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Tuesday, February 5, 2019

How to sell your artwork

Think the world is going to beat a path to your door just because you're brilliant? Think again.
Blueberry barrens on Clary Hill, by Carol L. Douglas. Every residency and event is a bullet point for your resume, but more importantly, a chance to be noticed.
“I read your recent post on business realism,” a reader wrote me. “I think I paint well, but I can’t seem to get any traction in the current marketplace. I’ve lost two galleries this year, and that really hurt. What am I doing wrong?”

The art market is morphing, and this reader was right when he added, “there’s no clear path forward.” His loss of gallery representation may have nothing to do with him, but with rapid change in the marketplace.

I know this painter’s work. It’s as fine as anyone’s out there, including many painters making a very juicy income. Why are their paintings selling and his not?

The bottom line is, he’s not nearly as well-known as he ought to be. While he’s painted with some of the big names in the plein air business, that hasn’t given him a particular leg up. Networking is important, but it only takes you so far.

Athabasca Glacier, by Carol L. Douglas. Want people to be interested in you? Do interesting things, preferably without killing yourself.
Do you want it enough to go for it? That makes marketing your primary job. Some people are offended by that, but unless you were born into the upper crust like Édouard Manet, you’re going to have to work to make connections. A better model is Frederic Edwin Church, who embraced, rather than rejected, his father’s bourgeois business model. Nobody can say that Church sacrificed his artistic goals.

You don’t necessarily have to be a starving artist to want to market yourself. I have a friend who’s fascinated by the uncharted machinations of a career in art. After a career in business, she wants to ‘crack the nut’ and figure out how it’s really done.

Spruces and pines on the Barnum Brook Trail, by Carol L. Douglas. This was painted at ADK Plein Air. To have a following, you must be seen.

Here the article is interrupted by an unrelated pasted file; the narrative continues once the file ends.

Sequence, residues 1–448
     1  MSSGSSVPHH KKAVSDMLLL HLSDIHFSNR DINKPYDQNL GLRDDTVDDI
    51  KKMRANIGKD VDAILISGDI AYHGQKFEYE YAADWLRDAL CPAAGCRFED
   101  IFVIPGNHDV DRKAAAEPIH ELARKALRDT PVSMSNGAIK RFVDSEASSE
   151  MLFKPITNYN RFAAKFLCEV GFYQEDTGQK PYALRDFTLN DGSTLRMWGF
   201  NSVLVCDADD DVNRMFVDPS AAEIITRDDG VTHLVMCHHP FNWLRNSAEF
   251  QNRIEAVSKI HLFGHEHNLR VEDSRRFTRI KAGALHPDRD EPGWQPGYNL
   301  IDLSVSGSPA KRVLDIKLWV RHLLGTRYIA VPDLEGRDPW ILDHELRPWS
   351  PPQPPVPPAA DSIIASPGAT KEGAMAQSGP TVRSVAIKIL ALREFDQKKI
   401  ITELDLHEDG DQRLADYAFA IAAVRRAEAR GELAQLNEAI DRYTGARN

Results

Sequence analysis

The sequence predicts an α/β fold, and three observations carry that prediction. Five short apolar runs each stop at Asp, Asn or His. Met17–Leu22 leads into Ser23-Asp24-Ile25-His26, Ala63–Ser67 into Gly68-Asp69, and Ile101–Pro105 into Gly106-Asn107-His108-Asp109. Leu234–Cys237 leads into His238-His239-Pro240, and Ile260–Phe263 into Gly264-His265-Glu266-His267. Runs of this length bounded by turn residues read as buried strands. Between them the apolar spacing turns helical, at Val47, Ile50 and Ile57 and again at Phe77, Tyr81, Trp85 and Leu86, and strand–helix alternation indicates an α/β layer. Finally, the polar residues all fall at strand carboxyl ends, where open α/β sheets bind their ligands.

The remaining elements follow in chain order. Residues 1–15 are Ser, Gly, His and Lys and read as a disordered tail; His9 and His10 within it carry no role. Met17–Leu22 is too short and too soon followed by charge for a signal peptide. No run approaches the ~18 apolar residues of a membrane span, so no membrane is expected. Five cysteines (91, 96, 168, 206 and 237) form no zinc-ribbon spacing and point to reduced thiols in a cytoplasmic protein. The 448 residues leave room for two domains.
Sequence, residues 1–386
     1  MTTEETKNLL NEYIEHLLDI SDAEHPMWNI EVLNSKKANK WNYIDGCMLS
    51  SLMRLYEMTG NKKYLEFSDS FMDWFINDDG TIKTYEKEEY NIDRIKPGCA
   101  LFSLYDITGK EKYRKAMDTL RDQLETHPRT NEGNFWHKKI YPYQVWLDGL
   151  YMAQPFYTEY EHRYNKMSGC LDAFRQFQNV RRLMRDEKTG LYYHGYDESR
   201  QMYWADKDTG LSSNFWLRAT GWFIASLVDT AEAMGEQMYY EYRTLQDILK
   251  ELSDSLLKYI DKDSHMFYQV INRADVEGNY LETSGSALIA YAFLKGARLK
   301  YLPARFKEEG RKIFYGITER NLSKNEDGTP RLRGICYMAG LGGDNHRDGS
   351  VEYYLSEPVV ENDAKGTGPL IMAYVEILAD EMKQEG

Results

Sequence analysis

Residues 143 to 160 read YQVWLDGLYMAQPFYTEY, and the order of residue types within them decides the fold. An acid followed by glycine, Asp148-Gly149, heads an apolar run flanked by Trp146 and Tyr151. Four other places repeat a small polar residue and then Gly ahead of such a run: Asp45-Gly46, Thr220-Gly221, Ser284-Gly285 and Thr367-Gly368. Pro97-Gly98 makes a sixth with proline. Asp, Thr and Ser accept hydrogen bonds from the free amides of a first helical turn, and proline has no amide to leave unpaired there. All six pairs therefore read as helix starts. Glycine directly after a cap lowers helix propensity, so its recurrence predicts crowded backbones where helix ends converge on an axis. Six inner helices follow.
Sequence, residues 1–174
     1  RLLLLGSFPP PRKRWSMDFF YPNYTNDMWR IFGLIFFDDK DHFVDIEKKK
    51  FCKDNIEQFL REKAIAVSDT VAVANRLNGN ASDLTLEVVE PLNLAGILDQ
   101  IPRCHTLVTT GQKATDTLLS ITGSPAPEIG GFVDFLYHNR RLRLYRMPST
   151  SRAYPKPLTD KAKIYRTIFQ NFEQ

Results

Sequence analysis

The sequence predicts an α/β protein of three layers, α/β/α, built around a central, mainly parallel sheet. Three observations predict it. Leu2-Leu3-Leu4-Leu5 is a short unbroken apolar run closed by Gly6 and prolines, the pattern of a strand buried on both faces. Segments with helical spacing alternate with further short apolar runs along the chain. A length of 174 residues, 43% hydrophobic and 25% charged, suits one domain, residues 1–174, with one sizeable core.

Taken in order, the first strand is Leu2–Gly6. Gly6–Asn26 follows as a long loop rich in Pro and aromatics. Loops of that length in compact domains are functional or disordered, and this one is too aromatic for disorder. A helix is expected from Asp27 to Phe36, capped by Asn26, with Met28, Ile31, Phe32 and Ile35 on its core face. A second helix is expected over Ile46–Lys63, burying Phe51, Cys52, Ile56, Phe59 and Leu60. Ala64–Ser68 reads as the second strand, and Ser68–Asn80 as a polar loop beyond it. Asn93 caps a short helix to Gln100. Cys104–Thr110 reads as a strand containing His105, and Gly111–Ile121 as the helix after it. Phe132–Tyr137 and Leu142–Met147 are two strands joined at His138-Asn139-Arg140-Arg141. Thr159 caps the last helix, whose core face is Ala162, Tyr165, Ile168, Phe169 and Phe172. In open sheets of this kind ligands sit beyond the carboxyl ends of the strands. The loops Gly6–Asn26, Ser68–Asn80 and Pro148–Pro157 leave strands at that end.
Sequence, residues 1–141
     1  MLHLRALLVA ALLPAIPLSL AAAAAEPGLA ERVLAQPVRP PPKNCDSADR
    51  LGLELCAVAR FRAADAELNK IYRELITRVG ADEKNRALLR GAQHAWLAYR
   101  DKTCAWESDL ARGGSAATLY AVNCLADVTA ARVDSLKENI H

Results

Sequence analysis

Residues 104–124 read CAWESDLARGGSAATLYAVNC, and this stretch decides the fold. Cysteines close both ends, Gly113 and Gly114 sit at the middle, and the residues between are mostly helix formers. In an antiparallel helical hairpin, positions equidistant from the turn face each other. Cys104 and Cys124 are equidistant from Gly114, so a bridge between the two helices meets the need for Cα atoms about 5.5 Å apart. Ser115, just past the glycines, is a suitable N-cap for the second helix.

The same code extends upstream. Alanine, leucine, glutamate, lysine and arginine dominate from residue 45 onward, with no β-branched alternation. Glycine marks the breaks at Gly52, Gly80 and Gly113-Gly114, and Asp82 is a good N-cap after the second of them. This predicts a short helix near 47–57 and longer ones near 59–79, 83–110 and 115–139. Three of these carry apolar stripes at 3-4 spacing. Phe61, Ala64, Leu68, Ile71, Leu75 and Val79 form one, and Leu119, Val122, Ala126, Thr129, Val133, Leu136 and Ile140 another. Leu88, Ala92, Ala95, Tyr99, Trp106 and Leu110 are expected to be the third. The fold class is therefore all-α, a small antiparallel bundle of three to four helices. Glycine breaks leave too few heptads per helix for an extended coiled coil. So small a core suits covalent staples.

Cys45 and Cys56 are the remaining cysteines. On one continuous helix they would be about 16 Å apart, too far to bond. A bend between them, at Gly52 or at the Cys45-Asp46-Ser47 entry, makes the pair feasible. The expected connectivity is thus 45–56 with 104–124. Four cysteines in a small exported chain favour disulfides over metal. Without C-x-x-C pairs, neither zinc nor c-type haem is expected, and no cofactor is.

It’s not about whether you can paint or not. The late, unlamented Thomas Kinkade is just one of a long line of incompetent painters who parlayed an artistic vision into money. I’m not encouraging you to paint terribly, but I am telling you to stop beating yourself up because you’re “not good enough.”

It helps to be young and beautiful. If you’re no longer either of those things, you need to be witty and fascinating instead. A hippie friend once watched me doing my self-care routine. “Why do you do those things to yourself?” she asked in amazement. I can’t be young anymore, but I can be attractive.

You have to be willing to exploit social media. I know you don’t see the point of Instagram and Facebook, but it’s critical to a profile in the modern world. If you don’t have a clue how to do this, find a book or a webinar and learn. Your website is still important, but it’s the catchment basin for all those other things.
Teaching is a great way to get your name out there, but for heaven's sake, don't do it unless you can actually teach. The world doesn't need any more incompetent teachers.
You need a real-world presence somewhere. You’re going to have to do plein air events, tent shows, be in a cooperative gallery, or have gallery representation. You’re going to have to pull up your big-boy paints and go to openings. (This is the hardest thing for me—not because I don’t like people, but because my bedtime is 7:30 PM.) One real-world contact is worth a thousand internet hits.

You need to plug away, a little every day. Running a $1500 ad in a collector magazine is not going to net you anything if you haven’t done incremental publicizing in advance. Press releases, openings, studio parties, blogs, and emails to your collectors are the heart of modern publicity.

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